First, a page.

The New 1200 GSA
After putting nearly 75,000 combined miles on my current 1200 GSA and previous GS, I still always feel a little insecure when I see the “pavement ends” sign warning of a change in road conditions. This is in spite of taking a Rawhyde Adventures course a few years ago, about 1500 miles on dirt/gravel in South America and 2-3,000 solo miles off-road in AK. The big BMW 1200 GS Adventure is made for off-road excursions and became famous in Charley and Ewan’s round the world motorcycle ride documented in the Long Way Round series a few years ago.
With a little over 45,000 miles on the GSA, I decided it was time to throw on the knobbies, get it a little dirty and to brush up on my off-road skills through the Pine Barrens Adventure Camp – a 2-day course in south New Jersey offered this April. The Pine Barrens is a great area to experience due to the unique environment and landscape; boasting more than 1,000 miles of trails to develop and test riding skills. The course promises to “prepare you to safely navigate your way through this amazing but sometimes challenging landscape, and help improve your off-road adventure riding abilities.” Well, I guess this remains to be seen, but the instructors sure seem to be up to the task. I just hope they are around to help me pick-up the 650 pound motorcycle when it falls, as it is sure to do.
I will provide a blow-by-blow account of the adventure as the course gets started here on the blog. For more information, check out the Pine Barrens Adventure Camp here. I’ll provide the details and plenty of photos, maybe a video spot. The course is scheduled for April 27 & 28, 2013 and looks like a pretty full agenda. Stay tuned!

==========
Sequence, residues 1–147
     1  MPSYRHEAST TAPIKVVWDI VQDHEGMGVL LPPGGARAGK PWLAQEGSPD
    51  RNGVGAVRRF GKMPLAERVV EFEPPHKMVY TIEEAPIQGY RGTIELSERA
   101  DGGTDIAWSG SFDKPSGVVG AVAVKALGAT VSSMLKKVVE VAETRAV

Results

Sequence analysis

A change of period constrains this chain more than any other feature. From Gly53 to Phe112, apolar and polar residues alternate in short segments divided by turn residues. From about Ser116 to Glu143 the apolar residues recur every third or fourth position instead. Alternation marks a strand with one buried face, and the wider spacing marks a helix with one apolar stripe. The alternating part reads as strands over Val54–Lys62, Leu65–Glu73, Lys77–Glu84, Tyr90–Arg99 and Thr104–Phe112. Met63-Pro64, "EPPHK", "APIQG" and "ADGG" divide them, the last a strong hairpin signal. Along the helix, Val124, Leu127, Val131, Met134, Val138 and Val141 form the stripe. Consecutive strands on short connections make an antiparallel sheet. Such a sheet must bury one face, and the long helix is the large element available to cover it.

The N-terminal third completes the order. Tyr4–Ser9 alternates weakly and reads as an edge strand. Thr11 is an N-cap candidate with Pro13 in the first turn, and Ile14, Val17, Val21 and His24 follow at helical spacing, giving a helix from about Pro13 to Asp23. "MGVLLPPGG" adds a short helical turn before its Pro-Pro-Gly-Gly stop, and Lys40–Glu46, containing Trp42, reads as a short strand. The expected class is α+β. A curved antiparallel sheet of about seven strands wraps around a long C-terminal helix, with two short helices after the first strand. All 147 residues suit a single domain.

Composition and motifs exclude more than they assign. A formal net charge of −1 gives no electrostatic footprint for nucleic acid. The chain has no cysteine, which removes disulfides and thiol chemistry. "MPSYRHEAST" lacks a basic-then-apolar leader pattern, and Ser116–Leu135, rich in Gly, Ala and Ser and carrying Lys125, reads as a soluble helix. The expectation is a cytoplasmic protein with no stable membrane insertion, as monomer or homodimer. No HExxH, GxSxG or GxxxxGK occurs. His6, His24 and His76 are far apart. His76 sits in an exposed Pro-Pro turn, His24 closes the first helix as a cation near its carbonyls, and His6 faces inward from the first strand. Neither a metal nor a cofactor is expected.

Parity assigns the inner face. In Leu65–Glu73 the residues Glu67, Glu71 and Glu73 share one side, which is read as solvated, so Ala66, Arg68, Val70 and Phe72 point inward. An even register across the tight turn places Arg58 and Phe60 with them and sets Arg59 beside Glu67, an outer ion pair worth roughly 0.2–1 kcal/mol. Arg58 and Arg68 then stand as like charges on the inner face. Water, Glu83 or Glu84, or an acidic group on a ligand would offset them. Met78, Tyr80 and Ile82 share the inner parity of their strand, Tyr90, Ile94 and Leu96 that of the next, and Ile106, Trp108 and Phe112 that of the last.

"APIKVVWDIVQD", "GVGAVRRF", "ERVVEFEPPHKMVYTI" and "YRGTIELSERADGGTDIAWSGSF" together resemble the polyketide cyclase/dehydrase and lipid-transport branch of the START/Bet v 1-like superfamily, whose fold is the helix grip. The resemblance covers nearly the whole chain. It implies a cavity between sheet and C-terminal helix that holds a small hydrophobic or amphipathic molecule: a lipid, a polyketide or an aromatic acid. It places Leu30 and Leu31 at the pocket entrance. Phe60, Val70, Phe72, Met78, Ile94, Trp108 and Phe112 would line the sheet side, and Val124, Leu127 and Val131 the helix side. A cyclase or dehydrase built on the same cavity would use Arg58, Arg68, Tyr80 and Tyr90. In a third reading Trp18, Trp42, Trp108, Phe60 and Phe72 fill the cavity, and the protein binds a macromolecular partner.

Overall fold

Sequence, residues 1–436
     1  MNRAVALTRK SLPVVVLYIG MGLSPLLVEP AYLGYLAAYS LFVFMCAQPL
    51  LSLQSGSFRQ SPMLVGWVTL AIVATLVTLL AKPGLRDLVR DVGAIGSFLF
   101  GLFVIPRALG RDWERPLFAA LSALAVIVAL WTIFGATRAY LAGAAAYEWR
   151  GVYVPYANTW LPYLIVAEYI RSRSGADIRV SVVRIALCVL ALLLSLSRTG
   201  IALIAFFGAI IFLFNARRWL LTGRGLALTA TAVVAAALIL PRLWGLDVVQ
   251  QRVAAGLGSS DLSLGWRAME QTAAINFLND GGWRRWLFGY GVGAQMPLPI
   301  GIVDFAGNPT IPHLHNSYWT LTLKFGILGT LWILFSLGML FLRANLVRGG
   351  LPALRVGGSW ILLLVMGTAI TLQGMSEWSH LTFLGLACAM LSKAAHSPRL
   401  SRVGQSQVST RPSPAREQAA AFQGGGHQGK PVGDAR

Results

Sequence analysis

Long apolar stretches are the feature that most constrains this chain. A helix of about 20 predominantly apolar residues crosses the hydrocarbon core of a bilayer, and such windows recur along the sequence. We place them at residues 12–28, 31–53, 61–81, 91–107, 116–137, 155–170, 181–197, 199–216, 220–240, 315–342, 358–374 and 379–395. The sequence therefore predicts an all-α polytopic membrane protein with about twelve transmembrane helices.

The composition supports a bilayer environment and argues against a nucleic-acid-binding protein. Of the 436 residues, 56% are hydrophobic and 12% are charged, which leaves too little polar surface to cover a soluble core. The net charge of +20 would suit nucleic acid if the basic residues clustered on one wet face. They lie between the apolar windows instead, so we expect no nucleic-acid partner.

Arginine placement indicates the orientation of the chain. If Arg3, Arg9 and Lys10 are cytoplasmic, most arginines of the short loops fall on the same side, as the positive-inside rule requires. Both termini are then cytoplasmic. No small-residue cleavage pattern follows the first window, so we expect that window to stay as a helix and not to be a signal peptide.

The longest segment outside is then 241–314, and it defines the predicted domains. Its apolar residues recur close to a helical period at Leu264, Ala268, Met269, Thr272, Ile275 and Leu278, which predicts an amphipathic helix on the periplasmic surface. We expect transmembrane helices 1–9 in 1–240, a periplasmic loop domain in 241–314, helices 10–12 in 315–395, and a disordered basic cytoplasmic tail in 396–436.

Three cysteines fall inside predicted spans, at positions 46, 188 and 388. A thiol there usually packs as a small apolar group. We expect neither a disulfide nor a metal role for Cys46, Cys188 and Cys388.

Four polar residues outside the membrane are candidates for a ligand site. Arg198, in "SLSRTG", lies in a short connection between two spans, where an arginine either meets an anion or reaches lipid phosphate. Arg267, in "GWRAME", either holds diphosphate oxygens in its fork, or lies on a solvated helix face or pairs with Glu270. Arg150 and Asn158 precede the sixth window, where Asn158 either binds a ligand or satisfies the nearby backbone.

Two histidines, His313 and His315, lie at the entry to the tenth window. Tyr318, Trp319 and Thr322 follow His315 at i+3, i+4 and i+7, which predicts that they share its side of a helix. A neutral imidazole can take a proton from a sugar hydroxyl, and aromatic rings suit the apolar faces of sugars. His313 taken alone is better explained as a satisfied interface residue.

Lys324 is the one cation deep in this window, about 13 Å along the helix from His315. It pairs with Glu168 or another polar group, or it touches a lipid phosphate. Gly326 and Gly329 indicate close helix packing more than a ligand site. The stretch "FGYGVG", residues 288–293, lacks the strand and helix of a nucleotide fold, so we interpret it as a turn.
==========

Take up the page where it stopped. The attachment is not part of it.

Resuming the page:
I to admit that I am a bit of a junkie for any book describing international adventures on motorcycle. Ever since 1st stumbling onto “A Long Way Round” with Ewan and Charley a few years ago, I can’t seem to get enough of this stuff.
However, The University of Gravel Roads goes beyond many of the typical stories of adventure motorcycle travel. As Rene writes about his 4-yr, 95,000 mile trip and its challenges of the road (or lack thereof), I was pulled into the trip, sharing the rider’s worries and fears; feeling great relief when the border guards or locals didn’t take him hostage or throw him in jail.
This is a great tale of courage and resourcefulness, by a guy who was essentially solo around the world on a limited budget and undefined challenges of weather, governmental roadblocks (real and administrative), mechanical issues, and just about anything else you could think of on such a trip. I couldn’t help but empathize with the feelings of regret about initially inviting a companion, then realizing that much of the romance of the trip began to ebb with the burden of dealing with someone else’s needs in such a rugged and uncertain undertaking.
I found myself absorbed in the sometimes clunky, journalistic portrayal of the adventure and the personal challenges; but all with a sense of adventure from a guy who seems to be an adventurer 1st and a writer second. Great photos and overall great read. If you have any inclination to this type of journey, get a copy if you can find one and settle in for an armchair adventure that I am sure you will enjoy. Think it is about $35-$40 on Amazon or directly from the book’s web site (above).